Tim Morris on Conquering Algebra and Ancient Civilizations

Noodle Expert Tim Morris discusses conquering his algebra class and what we can learn from ancient civilizations.

Noodle Expert Tim Morris discusses conquering his algebra class and what we can learn from ancient civilizations.

Who would you pick, alive or dead, to be your teacher for a year? What would you want to learn?

I would love to have the opportunity to be taught by Vince Lombardi. As a coach, I appreciate how so many of the lessons he taught his players focused on doing your best, the price of victory, and the importance of practice and training; but as a counselor, I appreciate how so many of these lessons were not limited to the an athletic field, but encourage all of us do give a great effort toward anything that we find to be worthy of our time. His words encouraged us to strive, to be of good character, and to work hard but remain humble.

I've always felt that the best teachers, those who have the ability to make a real impact on their students, are teachers who are not only well-versed in their subject matter, but who have the ability to take those lessons and have the student find a real-world application for them. A great teacher will inspire a student who struggles with the class material to set realistic goals and to feel accomplished when those goals are met, but also to walk away with a better understanding that struggles are okay and the character built throughout the struggle is just as important as the mastery of the material that was being taught.

What is one small piece of advice that has had a big impact on your life?

One piece of advice that has had an impact on so many parts of my life is very simple, yet many take a long time to fully grasp and appreciate it: It's OK to fail. When I was young, failure meant just that — you attempted something and did not succeed. I had tunnel-vision and focused only on the negative aspects of what had occurred. Only as I continued to have these experiences did I begin to learn from those failures. I began to recognize the value in failing and continued to build resilience. I realized that it's OK to be fallible, that no one expects anyone to be perfect all of the time. "It's OK to fail" is the advice that I've been able to apply in almost everything that I do, with one small exception: it's OK to fail, so long as I can walk away, take a step back, and tell myself that I gave it my all and did the best that I could have done.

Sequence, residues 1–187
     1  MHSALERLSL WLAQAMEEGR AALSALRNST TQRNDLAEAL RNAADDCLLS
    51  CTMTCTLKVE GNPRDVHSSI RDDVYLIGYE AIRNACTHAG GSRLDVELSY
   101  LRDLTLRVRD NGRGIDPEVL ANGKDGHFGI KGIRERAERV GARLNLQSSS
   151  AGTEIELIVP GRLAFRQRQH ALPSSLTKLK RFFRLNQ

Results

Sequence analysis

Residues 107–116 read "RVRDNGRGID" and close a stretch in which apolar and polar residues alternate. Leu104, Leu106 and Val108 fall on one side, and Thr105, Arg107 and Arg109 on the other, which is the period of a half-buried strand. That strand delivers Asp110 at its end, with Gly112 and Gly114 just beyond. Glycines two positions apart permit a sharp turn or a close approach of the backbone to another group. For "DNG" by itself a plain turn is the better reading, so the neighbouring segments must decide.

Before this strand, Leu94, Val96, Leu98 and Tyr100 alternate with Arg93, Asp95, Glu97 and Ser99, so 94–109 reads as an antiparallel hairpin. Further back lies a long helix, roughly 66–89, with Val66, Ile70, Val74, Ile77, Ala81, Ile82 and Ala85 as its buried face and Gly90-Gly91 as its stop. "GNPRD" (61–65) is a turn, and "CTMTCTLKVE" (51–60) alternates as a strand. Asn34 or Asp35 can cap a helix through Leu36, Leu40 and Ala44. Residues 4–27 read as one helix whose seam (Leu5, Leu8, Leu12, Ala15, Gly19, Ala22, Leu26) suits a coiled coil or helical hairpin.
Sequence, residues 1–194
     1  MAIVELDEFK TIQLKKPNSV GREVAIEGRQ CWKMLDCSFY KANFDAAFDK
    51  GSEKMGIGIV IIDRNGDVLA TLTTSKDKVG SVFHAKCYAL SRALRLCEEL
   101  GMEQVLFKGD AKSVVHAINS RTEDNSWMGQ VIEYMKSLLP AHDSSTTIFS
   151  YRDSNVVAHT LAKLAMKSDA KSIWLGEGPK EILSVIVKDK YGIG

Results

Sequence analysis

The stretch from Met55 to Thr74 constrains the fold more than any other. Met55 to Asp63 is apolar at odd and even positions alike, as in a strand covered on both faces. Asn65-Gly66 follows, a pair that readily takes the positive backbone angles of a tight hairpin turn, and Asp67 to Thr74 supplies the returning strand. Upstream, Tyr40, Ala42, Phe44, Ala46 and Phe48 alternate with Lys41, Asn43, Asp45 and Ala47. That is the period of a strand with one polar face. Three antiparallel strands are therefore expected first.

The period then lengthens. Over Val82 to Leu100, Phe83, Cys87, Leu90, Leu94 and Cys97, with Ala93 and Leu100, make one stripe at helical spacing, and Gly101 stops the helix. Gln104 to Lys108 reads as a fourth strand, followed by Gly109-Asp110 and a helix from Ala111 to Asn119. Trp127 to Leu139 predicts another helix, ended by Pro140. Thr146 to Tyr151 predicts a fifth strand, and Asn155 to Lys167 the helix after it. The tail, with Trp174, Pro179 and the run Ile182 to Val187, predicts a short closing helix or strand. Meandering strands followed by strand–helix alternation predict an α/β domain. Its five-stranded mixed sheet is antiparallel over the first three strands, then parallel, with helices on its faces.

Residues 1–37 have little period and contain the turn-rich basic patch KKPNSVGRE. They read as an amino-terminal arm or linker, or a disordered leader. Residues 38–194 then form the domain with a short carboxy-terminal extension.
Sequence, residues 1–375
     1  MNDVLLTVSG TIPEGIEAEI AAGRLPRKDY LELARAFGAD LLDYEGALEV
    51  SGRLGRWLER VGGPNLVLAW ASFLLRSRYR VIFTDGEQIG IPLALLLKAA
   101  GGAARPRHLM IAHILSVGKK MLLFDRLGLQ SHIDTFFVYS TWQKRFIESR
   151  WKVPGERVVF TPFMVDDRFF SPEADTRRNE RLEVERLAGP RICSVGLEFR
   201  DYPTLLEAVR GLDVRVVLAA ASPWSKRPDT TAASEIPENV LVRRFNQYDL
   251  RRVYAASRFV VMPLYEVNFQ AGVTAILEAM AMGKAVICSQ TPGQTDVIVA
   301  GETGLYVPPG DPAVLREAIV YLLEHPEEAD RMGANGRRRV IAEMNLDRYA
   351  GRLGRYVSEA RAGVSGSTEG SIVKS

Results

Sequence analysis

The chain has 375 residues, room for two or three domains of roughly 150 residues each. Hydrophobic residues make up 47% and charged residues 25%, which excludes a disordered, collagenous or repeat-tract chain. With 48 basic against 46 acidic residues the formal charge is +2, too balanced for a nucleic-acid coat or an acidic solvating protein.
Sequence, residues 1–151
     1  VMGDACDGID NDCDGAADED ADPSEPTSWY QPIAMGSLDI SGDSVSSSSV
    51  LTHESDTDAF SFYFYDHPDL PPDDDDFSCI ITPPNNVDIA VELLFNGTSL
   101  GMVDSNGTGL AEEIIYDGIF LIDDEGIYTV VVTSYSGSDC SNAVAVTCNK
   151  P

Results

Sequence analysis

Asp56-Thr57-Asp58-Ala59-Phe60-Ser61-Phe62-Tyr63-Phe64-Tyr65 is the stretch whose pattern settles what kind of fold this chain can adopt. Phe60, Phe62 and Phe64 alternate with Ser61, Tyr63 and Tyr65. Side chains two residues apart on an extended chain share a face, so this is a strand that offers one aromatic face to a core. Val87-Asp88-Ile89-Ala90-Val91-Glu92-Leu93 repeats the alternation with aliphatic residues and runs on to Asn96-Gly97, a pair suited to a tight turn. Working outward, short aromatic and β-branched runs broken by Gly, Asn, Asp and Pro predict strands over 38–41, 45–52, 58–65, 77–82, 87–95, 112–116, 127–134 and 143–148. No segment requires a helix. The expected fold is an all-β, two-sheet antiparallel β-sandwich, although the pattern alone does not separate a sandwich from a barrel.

Where would you send a student who hasn't traveled before?

I would encourage a student to visit some part of the ancient world. I think we take our current society for granted, and don't often enough appreciate the different civilizations and cultures that came before us. Their understanding of our world was vastly different than what we know today, but there are still many innovations and ideas that were born out of places like ancient Greece, Rome, and Egypt. Visiting those sites not only allows us to appreciate the differences but really helps us gain perspective on our place in the world and the contributions we make, both individually and as a society.

Looking into our past also helps to appreciate how future generations may view us. With that in mind, it may just help us appreciate the decisions we make each day and consciously lead more productive lives. Taking a trip to the ancient world and walking the same streets that so many have walked over thousands of years can go a long way in helping us to gain that perspective.

When was a time that you failed academically, and what did you learn from the experience?

When I was in eighth grade, I earned a zero on my first ever algebra test. My friends, of course, thought it was hilarious, but I knew exactly what had gone wrong. I had no idea what algebra was. The concept of letters as numbers did not resonate with me, and when that's your level of understanding, a grade of a zero is pretty much imminent. The experience taught me that failure is a part of life, but more important, that it's OK to ask for help. You can't always do everything on your own, and admitting that you're in over your head is not an admission that you can't do something, rather it's a sign of good character and a willingness to embrace help from others. I reached out to my teachers, learned the basic concepts of algebra, then ended up turning into quite a math student as I worked my way through my high school math courses.

Why did you go into your field, and how is it different from what you expected?

I decided to be a school counselor while I was working a 9–5 office job as an inside sales representative. I had a degree in psychology and no experience in education, but I wanted to do something that made me feel I was making a difference. As a school counselor, I get to do just that, though admittedly, not always as often as I'd would like.

One aspect of my job that differs from my original expectation, that tends to frustrate me, is the fact that the students that are really in the most need of someone like me — someone to listen to them, to give them advice, to help them navigate their academic, social, and familial experiences — are the ones that can't get out of my office fast enough once they're there. They're not the ones who seek me out, which is OK; but when we do meet, these are the students that tend to actively avoid talking, opening up, and simply won't let me help them. When I do end up having success with a student like this, however, the accomplishment feels just that much more satisfying.

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